A Guide To Interning Abroad in Mexico
As the world’s largest population of Spanish speakers, Mexico is ideal for those looking to improve their Spanish fluency while interning abroad. In addition to endless beaches and world-renowned resorts, Mexico is home to the largest metropolitan area in the Western Hemisphere, Mexico City. Thanks to the inexpensive cost of living, interns in Mexico can live in paradise and break into the business world, while experiencing all that Mexico has to offer. By joining internships in Mexico, interns can explore the nation’s rich ancient Olmec, Mayan, and Aztec culture and ruins, including one of the Seven Wonders of the World, Chichén Itzá.
Mexico City is the capital and largest city in Mexico. It is known as the country’s political, economic, and social hub, making it the perfect location for internships in Mexico. Internships in Mexico City are especially perfect for those interested in gaining experience within the business realm.
Guadalajara, Monterrey, and Puebla make up the remaining major cities in Mexico where internship placements, such as journalism, marketing and public relations, and strategic branding, are the most common. Other options are also available in these cities as well, including hospitality, healthcare, community development, multimedia, and education internships.
Oaxaca, one of the safest and most culturally-rich cities in Mexico, is conversely less affluent and developed. It is home to sixteen indigenous groups (with hundreds of subgroups) and is known for its sandy Pacific beaches, abundance of ancient archaeological sites, and extraordinary cuisine. Tourism is the primary industry of Oaxaca, therefore the main focus for internship placements in Oaxaca are tourism and hospitality, with conservation options available as well.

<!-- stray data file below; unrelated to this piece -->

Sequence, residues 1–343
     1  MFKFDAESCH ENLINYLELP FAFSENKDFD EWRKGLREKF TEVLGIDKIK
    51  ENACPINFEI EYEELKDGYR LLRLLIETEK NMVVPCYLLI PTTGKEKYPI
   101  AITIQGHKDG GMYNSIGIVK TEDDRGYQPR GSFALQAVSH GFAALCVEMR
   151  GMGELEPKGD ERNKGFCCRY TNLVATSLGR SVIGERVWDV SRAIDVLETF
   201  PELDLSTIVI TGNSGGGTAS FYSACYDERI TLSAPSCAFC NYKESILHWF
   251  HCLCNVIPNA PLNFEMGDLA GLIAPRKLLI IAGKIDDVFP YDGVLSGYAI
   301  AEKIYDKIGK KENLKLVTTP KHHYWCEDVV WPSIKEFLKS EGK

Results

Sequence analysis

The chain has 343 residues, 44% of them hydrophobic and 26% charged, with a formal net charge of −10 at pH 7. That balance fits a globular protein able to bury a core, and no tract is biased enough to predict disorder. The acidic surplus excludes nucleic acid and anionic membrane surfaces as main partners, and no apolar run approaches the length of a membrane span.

While also a popular location for tourism, hospitality, and conservation, Cancun is much more commercial than Oaxaca. For those wanting to work in prestigious resorts attracting around four million visitors per year, Cancun is the perfect fit.
Journalism, business, hospitality, tourism, and conservation are the most common placements for interning in Mexico. While business opportunities are most readily available in the bigger cities, Mexico has numerous attractions and destinations that provide tourism internships all over the country. Conservation internships, such as placements working on sea turtle research, can most often be found in the coastal cities of Mexico.
Business hours typically run from 9 a.m. to 8 p.m., though not all internships in Mexico are full-time and most businesses are closed Saturday afternoons and all day on Sundays. Many businesses are also closed on either Mondays or Tuesdays, and a daily siesta from 2 p.m. to 4 p.m. is still fairly common throughout Mexico.
Promptness is not a major concern and schedules are flexible, but personability is a virtue for interns in Mexico. Be friendly, ask questions, and share personal stories - make an effort to get to know your colleagues. Mexico is a great place to network and build connections while interning abroad.
While Spanish is the official language of Mexico and some level of proficiency will be preferred, it is not always required. Many internship programs in Mexico offer extensive Spanish language training, as well as planned cultural experiences and activities to expand opportunities for language learning and practice. English is common in tourism and hospitality placements and in coastal resort areas, so English fluency is often a necessity when interning in the latter locations and fields. In more rural areas, such as Oaxaca, you can also expect to encounter Indigenous languages.